Anish Kapoor’s Monumental “Cloud Column” Installed at the Museum of Fine Arts, Houston
First of two public sculptures to be installed on the site of the Museum’s Steven Holl–designed Glassell School of Art and its Brown Foundation, Inc. Plaza by Deborah Nevins & Associates
The plaza and school open to the public on Sunday, May 20
HOUSTON—March 27, 2018—Today, the Museum of Fine Arts, Houston, completed the two-day installation of Cloud Column, by Anish Kapoor, a recently acquired public sculpture for the Museum’s redeveloped campus. Cloud Column has been sited on the plaza of the Glassell School of Art, which opens to the public on May 20.
Anish Kapoor’s Cloud Column, conceived in the late 1990s and realized in 2006, is a singular work within a decades-long engagement with what the artist has called “defining space.” The oblong form’s concave “front” faces the Glassell School of Art, inverting the structure, its surroundings and the viewer in its reflection. Unlike nearly all of Kapoor’s related sculptures, Cloud Column’s stainless-steel surface has been hand-worked, evoking the human touch, commented MFAH Director Gary Tinterow. “I have admired Anish Kapoor’s work for more than 20 years. When we had the opportunity several years ago to acquire this precursor to Chicago’s Cloud Gate, I could only imagine that it would be as extraordinary for this city as Anish’s work has been for Chicago. Its elegant form and the subtle humanity of its hand-worked surface will fully animate this new gathering place for Houston.”
The installation process began early Monday morning, March 26. Protected by a steel cage, the sculpture was trucked along the freeway for seven miles on a flat-bed trailer, on its side, from the Museum’s off-site art-storage facility to the construction site of the new Glassell School and plaza. There, a 650-ton crane had been delivered and assembled overnight. In less than half an hour, crews attached the sculpture—at 21,000 pounds, in a 6,000-pound steel crate—to that crane and another one by straps, hoisted it up, still on its side, then righted it vertically, and lowered, hovering, over its slab. For the next five hours, members of the installation crew worked beneath the sculpture and stationed themselves at its top to establish the exact positioning. Riggers then bolted it into place. In the morning, a team of five removed the dozens of bars of the cage by hand, with a crane engaged to pull away the larger ones. Following that, a single member of Kapoor’s London installation team, perched on a cherry-picker, began buffing the stainless-steel surface to its signature sheen, a process that takes up to six hours.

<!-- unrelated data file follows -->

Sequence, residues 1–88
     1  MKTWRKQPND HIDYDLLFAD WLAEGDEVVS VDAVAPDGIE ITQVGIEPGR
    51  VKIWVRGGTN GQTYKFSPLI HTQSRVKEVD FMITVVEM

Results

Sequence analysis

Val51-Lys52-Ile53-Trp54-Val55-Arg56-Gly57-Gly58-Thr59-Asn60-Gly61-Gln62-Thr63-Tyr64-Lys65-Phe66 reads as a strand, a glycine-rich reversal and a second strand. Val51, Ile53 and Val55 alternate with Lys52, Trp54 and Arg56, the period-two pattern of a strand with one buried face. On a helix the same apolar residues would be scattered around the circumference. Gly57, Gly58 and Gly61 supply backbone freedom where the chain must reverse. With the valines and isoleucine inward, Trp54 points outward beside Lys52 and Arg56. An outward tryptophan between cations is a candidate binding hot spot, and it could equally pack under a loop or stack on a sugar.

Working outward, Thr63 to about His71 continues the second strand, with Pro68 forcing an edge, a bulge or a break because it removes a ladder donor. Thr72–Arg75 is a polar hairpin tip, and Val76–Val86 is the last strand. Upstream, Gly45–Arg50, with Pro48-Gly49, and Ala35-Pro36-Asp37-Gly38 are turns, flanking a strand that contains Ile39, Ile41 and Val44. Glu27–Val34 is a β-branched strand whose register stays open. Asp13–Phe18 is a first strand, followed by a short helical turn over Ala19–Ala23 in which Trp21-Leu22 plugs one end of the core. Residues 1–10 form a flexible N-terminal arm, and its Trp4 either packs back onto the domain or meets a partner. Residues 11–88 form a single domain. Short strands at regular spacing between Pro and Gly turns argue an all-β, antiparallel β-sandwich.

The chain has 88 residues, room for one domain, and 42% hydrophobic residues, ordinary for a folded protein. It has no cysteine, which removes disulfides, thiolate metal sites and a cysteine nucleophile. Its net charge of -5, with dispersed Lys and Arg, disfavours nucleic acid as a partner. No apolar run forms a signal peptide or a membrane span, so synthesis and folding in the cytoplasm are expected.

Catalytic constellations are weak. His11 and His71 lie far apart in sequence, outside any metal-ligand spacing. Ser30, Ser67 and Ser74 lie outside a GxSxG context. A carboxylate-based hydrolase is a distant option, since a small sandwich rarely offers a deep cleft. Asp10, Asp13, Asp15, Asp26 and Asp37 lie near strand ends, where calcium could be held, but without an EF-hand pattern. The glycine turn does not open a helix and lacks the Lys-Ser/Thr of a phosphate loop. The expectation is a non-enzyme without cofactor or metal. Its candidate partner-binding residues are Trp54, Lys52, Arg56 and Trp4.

The Glassell School of Art and Brown Foundation, Inc. Plaza of the MFAH open to the public on Sunday, May 20, the first phase in the Museum’s campus-redevelopment project. A second public sculpture, Eduardo Chillida’s 1966 Song of Strength, will be installed on the plaza, opposite the Kapoor, in mid-April. The entire campus will be completed in early 2020. Footage and photography of the installation process, along with related press materials about the MFAH campus redevelopment project, are available to members of the press.
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